August 26, 2014

Carlos Santana…surprise, surprise….AL Player of the Week

carlos santana celebrationAfter tearing apart the Kansas City Royals this weekend, it was no shocker that Tribe first baseman/DH Carlos Santana has been named American League Player of the Week. Over his last six games, Carlos has had quite the run. How does 14-23, six homers, three doubles, 10 RBIs, eight runs scored sound to you? Pretty good. With his walking abilities in tow, Santana has reached base 20 of his last 29 times.

Not too shabby.

Think about where Santana has come from to get back to this point. It has been a steady rise since his brutal start. Carlos went .157/.318/.292 in April and followed that up with a .169/.343/.325 May. But with the warm weather came a new Santana. His post-DL hot streak essentially hasn’t stopped. His June was .308/.426/.590 with six homers and 15 RBIs, that spawned an even better month of July where ‘Los has been a stud: .314/.416/.651 with eight homers and 18 RBIs. His OPS has been over 1.000 for two months now. Last seasons 20 home run campaign has already been tied with two months remaining.

Carlos is the second Indian in a row to receive the AL Player of the Week honor, joining second baseman Jason Kipnis.

Tribe Weekend Recap: Santana streaking, rotation turning, and opportunities blown

Carlos Santana

The Indians couldn’t have picked a worse week to wet themselves. I’ve said this before and I will say it again: The only consistent thing about this team is their inconsistency. Just when you want to believe after they take three of four in Detroit, they come out and lose two of three to the Minnesota Twins in front of losing three of four in Kansas City to the Royals. You just had a bad feeling about this series when Corey Kluber’s Thursday gem was wasted in a 14-inning loss. Things just spiraled from there with bad losses both Friday (6-4) and Saturday (7-5). They salvaged the series finale with an offensive explosion in Sunday’s 10-3 win, but it seemed like a hollow victory. The weekend in Kansas City was disastrous.

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Royals 2, Indians 1: Kluber near perfect, yet nothing to show for it

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Games like Thursday night are why I love baseball and I why baseball frustrates the heck out of me at the exact same time. I mean what other game can one player completely shut down an entire team for the duration of regulation, only to be on the hook for a loss because of one of the worst and strangest defensive plays you will ever see? The highs were so high last night, and the lows were excruciatingly low—Cleveland-esque, dare I say.

It ended after 12:30 eastern time and went 14 innings. Starters Corey Kluber and Danny Duffy were long gone by then. I tweeted the following in the fourth inning: [Read more...]

Tribe weekend recap: Kipnis…back? King Kluber, The Carrasco effect, and rotation rotation

Jason Kipnis

If your Cleveland Indians were going to get back in the thick of the AL Central and Wild Card races, coming out of the blocks strongly is of the utmost importance. An 11-game, three-city road trip against three divisional foes was on the schedule. Things got started in Detroit with four games in three days. I wouldn’t say this was a make-or-break weekend for the Tribe, but how they played would go a long way into deciding whether the front office would be buyers/holders, or sellers with the trade deadline looking at the end of the month.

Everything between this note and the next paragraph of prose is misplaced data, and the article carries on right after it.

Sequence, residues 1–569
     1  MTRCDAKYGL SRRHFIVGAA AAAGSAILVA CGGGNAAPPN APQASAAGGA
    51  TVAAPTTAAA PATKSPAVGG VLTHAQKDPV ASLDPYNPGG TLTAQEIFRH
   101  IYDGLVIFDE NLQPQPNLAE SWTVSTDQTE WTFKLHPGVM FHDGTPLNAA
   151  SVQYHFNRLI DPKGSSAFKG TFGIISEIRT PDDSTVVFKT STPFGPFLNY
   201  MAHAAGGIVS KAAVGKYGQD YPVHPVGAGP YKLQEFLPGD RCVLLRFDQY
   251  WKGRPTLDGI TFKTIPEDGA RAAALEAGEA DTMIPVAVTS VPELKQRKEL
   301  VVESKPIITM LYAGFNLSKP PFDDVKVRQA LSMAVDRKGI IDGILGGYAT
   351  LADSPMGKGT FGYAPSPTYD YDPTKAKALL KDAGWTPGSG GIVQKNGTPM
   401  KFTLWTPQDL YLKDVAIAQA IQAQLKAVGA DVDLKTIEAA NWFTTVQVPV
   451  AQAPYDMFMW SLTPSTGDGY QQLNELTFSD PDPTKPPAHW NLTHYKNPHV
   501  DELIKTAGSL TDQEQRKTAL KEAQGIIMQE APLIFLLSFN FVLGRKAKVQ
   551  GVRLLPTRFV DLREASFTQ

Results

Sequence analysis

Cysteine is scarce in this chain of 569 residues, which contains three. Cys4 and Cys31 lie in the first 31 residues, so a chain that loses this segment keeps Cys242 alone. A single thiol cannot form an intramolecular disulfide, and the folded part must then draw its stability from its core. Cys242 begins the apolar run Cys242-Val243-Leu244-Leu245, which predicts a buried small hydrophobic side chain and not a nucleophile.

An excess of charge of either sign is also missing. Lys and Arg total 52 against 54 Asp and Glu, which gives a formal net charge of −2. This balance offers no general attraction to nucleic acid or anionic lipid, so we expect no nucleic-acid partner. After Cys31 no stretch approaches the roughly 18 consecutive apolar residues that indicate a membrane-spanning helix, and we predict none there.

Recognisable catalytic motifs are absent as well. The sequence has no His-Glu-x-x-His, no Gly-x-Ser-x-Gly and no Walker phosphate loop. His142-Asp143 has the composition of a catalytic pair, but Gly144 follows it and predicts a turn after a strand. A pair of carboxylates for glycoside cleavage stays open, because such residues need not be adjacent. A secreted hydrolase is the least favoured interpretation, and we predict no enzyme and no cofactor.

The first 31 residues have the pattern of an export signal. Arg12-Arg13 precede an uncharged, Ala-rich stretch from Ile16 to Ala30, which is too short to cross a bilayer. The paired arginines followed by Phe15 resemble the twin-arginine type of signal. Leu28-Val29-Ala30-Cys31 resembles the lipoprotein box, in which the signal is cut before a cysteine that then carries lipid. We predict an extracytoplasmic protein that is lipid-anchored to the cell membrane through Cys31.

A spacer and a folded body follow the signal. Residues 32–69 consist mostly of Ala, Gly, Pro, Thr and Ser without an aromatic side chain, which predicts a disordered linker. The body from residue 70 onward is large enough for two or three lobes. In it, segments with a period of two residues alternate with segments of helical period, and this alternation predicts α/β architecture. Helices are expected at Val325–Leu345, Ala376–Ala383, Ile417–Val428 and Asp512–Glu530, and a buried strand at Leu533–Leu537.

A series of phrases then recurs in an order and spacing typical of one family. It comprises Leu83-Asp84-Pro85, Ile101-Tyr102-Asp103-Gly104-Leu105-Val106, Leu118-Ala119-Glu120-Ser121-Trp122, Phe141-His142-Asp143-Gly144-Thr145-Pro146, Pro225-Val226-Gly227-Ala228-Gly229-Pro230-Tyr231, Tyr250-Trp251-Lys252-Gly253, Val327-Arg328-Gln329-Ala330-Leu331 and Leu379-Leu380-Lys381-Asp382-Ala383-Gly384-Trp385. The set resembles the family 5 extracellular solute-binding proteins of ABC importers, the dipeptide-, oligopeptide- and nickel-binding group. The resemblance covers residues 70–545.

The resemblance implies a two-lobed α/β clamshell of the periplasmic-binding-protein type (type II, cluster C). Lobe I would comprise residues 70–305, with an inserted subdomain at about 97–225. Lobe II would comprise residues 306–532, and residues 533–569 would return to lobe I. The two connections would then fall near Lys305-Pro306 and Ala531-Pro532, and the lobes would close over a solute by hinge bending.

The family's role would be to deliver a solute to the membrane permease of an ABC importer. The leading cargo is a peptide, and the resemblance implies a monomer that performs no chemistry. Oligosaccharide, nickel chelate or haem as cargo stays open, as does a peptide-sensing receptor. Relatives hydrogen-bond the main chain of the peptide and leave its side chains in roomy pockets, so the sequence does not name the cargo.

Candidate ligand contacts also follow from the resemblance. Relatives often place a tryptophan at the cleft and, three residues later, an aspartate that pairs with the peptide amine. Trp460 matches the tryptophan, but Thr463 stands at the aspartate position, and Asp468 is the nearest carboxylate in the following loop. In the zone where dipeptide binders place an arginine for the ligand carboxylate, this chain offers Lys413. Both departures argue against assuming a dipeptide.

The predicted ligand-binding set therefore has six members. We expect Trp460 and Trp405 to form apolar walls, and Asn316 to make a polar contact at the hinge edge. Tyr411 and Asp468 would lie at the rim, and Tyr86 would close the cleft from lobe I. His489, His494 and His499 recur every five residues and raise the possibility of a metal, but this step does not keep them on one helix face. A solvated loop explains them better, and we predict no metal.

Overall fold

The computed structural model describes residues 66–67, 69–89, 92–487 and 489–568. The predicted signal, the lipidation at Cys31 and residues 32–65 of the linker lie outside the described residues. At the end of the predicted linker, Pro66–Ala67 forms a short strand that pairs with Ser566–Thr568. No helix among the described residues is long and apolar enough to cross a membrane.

Getting swept by the first-place Tigers would be a killer, but a series win could put the Tribe back on the map. We all know their faults, but we also know that when they do put it all together, they are tough to beat. Friday and Saturday, the Tribe looked like a team that has to be taken seriously. The Wahoo Express steamrolled through Detroit, taking three of four to move to within five and a half of the Tigers and two of the second Wild Card spot. They looked primed for a strong second half push.

The train is coming, people. This weekend in Detroit was a great start. So what did we see?

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The Indians at the break: The Bad

Justin Masterson

47-47. .500. The middle. Average. Not great, but not bad. This is what our Cleveland Indians are as we sit here at the All-Star break.

Heading into the season, Terry Francona’s group had to deal with something that was not on the docket a year before; heightened expectations. Coming off of a 92-win, Wild Card season and bringing back essentially the same core group, the Tribe now wore a bulls-eye. They were not going to sneak up on anyone. And they haven’t.

The first half has brought moments of greatness and despair, moments of disappointment and exuberance. Certain guys have broken out, while others have taken huge steps backwards. We’ve seen regression to the mean from a few Indians as well. Hall of Fame Football coach Bill Parcells famously said “you are what you record says you are,” and the Indians are 47-47. All of this has added up to what they are: An average baseball team.

On Tuesday, we looked at “The Good” things the Tribe has done. In part two of our Tribe at the All-Star break series, we will examine what hasn’t exactly gone well for the Red, White, and Blue. [Read more...]

The Indians at the break: The Good

Tribe celebration47-47. .500. The middle. Average. Not great, but not bad. This is what our Cleveland Indians are as we sit here at the All-Star break.